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Healing PTSD with Child and Me

Discussion in 'General' started by becvan, Sep 8, 2006.

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  1. becvan

    becvan Queen of the Blunt! Premium Member

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    Hi.

    I thought I would start a thread, in this forum, about how my son and I are both dealing with our own PTSD and how we are dealing with each other.

    I suspect my son's PTSD started three years ago. His therapist has just diagnosed him (within the last month) and is still working on building the trusting relationship with him.

    I have been in counselling with my therapist since July for Complex PTSD (see thread in PTSD information section if you do not understand this term or my understanding of it) and am just learning about it myself. (Despite the fact that I have been diagnosised with this three times.)

    The last three years have been really tough. I went into super hypervigilence four years ago, after leaving an abusive partner. The same partner had abused my son. I stayed in that mode until now (it's just starting to get better now) and won't even go there about my anxiety! My son was also anxious and vigilante, although I did not recognize it. In fact, other than recognizing that he was acting different, acting out, and seemed to completely withdraw, I did not know what was going on.

    Children and adults express PTSD differently!

    So now we are both trying to learn!!

    Slowly, I have been recognizing when I try to "lecture" him or give him crap, he just shudders and withdraws even more. I knew this before but did not understand it. Now, I'm catching myself when I start and his reaction to it and stopping myself before I get started. Then I sit down and have a chat with him. We talk about the issue, what is my responsiblity and what is his, how to break down what needs to be done in baby steps, and ensure that he still feels loved, wanted, appreciated, and above all WORTHY!! This is working, but it's frustrating as all h*ll. My PTSD wants me to go into supermode everytime I get upset and I have to fight it to reach my son in a way that doesn't further traumatize him. (Oh what I would give for a calm partner to help out here!!)

    Also, I've started using the Depression and Anxiety Inventories (See Anxiety and Depression information for these.) I asked my therapist if I could get Matt to do them too, to help him recognize what is going on. She immediatly handed me tons of copies and felt this was a great idea. (I just love my therapist!) So I've started him on them, as of last night. I explained how it worked and had him fill it out himself. Then I went through each question and explained what it meant and we had to modify some of the numbers. We then added it all up. I could tell he felt great. He had a big smile on his face and was joking with me about our scores!! (Boy did this make me feel good. I actually feel like I'm helping him!) So, we are going to do our inventories nightly. It's our family time!:smile:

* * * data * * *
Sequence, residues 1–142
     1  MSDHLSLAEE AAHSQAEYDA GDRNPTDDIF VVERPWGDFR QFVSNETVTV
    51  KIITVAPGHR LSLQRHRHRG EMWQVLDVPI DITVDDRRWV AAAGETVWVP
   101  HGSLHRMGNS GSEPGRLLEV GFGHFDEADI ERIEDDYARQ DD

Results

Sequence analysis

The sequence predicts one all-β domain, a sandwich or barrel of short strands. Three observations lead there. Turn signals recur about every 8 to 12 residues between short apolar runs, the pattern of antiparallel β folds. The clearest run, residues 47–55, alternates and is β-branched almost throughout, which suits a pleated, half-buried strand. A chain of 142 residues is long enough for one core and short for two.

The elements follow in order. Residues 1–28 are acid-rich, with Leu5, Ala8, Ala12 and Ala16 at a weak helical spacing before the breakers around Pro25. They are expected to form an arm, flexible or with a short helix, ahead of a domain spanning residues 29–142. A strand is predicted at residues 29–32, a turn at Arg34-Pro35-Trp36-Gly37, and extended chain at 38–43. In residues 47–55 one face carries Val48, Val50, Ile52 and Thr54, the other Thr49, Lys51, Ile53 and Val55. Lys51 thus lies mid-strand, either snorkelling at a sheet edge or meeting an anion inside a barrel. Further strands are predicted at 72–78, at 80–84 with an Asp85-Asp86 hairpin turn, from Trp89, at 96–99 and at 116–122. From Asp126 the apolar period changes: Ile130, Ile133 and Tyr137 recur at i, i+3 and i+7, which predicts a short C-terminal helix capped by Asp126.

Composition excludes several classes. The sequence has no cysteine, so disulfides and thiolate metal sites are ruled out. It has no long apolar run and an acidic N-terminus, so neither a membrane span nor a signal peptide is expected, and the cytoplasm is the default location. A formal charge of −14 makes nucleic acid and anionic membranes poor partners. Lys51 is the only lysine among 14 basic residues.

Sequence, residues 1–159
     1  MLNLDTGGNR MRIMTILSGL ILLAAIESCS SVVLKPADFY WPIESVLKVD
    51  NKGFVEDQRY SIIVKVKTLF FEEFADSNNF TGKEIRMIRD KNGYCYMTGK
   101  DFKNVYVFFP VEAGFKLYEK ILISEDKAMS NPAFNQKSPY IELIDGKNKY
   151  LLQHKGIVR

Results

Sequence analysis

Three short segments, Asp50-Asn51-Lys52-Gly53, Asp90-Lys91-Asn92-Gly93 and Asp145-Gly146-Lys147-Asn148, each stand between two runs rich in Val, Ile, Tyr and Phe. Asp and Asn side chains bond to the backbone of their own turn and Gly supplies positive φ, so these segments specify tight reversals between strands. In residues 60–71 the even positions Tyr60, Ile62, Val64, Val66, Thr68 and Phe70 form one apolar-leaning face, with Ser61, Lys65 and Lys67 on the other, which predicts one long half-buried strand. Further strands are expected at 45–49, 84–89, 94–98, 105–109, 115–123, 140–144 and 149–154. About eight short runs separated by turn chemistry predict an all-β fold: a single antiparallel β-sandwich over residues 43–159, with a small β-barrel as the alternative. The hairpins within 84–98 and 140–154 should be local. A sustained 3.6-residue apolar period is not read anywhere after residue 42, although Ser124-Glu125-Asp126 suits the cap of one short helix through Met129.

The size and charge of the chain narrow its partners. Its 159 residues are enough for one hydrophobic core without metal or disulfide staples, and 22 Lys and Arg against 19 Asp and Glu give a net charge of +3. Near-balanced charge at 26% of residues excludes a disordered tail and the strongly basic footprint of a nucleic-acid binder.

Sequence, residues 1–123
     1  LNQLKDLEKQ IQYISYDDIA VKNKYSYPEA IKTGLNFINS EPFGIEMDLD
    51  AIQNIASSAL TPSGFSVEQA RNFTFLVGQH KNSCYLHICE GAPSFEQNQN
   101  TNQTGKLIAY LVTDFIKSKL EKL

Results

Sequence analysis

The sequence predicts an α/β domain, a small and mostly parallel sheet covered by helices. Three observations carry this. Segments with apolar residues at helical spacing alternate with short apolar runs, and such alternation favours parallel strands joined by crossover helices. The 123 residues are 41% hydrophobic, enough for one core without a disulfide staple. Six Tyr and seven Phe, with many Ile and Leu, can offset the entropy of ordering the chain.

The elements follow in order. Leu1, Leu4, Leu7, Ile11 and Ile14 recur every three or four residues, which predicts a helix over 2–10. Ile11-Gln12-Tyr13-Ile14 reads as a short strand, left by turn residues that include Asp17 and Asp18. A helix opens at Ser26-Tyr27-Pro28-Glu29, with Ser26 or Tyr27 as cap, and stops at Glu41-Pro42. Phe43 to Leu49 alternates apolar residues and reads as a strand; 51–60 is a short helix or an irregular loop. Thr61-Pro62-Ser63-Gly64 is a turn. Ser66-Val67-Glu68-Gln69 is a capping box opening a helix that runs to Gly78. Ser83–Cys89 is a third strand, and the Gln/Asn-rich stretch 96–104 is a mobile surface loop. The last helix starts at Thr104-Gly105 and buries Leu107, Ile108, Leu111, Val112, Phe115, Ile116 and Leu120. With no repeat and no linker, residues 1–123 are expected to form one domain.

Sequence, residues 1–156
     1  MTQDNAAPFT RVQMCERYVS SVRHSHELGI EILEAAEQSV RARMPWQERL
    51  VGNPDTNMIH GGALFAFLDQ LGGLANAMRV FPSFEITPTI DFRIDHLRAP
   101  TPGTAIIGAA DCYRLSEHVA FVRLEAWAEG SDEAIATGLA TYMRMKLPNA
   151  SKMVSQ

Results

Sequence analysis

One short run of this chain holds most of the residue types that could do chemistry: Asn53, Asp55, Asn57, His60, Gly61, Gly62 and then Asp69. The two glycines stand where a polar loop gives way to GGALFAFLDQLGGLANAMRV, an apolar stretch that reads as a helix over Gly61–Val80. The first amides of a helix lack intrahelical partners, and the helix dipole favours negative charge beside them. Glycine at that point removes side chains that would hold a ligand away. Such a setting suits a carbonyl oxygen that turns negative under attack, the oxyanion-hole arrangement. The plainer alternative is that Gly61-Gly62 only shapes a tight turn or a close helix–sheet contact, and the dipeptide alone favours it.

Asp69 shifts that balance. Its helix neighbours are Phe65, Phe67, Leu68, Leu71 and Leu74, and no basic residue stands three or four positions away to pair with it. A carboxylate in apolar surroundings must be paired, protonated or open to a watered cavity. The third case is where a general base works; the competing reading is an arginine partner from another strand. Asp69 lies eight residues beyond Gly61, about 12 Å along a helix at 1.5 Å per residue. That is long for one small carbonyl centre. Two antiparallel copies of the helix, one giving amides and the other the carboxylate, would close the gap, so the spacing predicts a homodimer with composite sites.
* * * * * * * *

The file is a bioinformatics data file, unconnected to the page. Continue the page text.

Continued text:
We have a lot of work to do and both of us need to learn about this. This is going to be so hard! My son is worth every second of it!!

    Bec
     
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  3. permban0008

    permban0008 Policy Enforcement Banned

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    Bec,

    You are in a bit of a rock and a hard place with the both of you and PTSD. Like anything to do with children there really isn't any scope to be self-indulgent and put our own needs first. Its a tough journey that you have ahead of you because I stand by my statements that those with PTSD can be extremely self-indulgent. That option is not really available to you. It must be hard to overcome but its good that you are making the effort to explain things to your son as he needs to hear them. I suspect that both of you will be a lot better off for your efforts. I hope that you both heal well but I would really like to hear that in a couple of years time, the PTSD is having minimal impact on your son. You can and should be well proud of your efforts.
     
  4. becvan

    becvan Queen of the Blunt! Premium Member

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    Thanks Kerri-Ann.